China Building Potential Military Asset on Paracel Islands in South China Sea

© AP Photo / XinhuaIn this undated photo released by Xinhua News Agency, a Chinese H-6K bomber patrols the islands and reefs in the South China Sea.
In this undated photo released by Xinhua News Agency, a Chinese H-6K bomber patrols the islands and reefs in the South China Sea. - Sputnik International
Satellite footage taken on March 6 reveals the construction of a port that analysts believe could turn out to be a military installation on the North Island of the Paracels Island group.

Focus, a Taiwanese news agency, reported that leaders in Taipei are "keeping close tabs" on the construction work, which has so far included land-clearing and "preparation for a harbor."

China had started work on the port last year but had to restart the project after a typhoon wiped out most of the new structures, Focus noted. 

The Paracels are simultaneously claimed by China, Taiwan and Vietnam. Beijing had previously vowed to cease land reclamation, UPI reported. Nevertheless, airstrips have been built on other islets such as Woody Island.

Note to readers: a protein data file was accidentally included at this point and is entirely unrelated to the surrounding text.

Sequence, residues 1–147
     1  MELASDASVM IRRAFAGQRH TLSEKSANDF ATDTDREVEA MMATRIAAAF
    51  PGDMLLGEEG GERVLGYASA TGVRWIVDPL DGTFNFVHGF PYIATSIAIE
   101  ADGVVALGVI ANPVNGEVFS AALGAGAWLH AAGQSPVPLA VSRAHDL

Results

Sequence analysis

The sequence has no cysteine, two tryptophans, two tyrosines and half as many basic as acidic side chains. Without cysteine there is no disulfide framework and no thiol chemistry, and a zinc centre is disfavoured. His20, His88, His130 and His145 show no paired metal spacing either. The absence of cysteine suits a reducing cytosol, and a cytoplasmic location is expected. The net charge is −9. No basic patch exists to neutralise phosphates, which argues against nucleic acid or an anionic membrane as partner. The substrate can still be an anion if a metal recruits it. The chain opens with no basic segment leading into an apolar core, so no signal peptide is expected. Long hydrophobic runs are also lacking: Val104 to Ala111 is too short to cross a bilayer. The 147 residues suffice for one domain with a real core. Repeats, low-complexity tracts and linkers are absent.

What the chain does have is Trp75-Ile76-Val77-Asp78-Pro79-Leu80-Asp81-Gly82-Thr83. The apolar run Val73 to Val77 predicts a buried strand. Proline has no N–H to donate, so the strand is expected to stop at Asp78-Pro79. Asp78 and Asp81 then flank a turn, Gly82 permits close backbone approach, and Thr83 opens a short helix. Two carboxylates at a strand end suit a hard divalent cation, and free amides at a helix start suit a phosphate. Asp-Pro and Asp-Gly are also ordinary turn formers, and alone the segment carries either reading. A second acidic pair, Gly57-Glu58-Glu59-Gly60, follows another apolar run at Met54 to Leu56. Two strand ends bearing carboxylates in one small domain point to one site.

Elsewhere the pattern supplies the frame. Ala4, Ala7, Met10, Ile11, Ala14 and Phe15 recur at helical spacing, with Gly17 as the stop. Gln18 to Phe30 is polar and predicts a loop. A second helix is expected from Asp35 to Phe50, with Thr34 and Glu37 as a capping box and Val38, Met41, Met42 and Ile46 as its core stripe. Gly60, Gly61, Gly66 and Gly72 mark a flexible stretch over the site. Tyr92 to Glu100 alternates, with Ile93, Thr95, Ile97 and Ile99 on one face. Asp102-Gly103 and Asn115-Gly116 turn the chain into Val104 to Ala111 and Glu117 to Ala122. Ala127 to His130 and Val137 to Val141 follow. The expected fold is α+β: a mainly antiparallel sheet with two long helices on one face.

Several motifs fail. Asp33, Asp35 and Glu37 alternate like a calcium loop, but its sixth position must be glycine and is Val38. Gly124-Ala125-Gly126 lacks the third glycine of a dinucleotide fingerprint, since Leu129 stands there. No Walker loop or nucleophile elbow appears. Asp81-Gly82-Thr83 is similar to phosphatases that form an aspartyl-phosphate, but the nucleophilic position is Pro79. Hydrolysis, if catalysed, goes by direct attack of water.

This photo taken on May 10, 2016 shows crew members of China's South Sea Fleet taking part in a logistics supply drill near the James Shoal area on South China Sea - Sputnik International
Beijing Outmaneuvering US Navy in South China Sea

US Secretary of State Rex Tillerson is slated to visit China on March 18 as part of an Asian tour, and the South China Sea is sure to be a hot topic during the discussions. In a Senate hearing, Tillerson said "we’re going have to send China a clear signal that, first, the island-building stops, and second, your access to those islands is not going to be allowed." 

A Global Times op-ed shot back, warning that Tillerson’s "unprofessional" remarks could cause a "military clash."

China has already built up the nearby Spratly Islands with structures featuring retractable roofs, which analysts warn could house surface-to-air missiles (SAM). As one US intelligence official said, "it is not like the Chinese to build anything in the South China Sea just to build it,” adding, "these structures resemble others that house SAM batteries." Beijing officials have denied allegations of militarization. "China carrying out normal construction activities,” Chinese Foreign Ministry spokesman Geng Shuang said, "is a normal right under international law for sovereign nations." 

Chinese researchers have also conducted drilling in the South China Sea as part of an effort to create the world’s first underwater observatory platform. 

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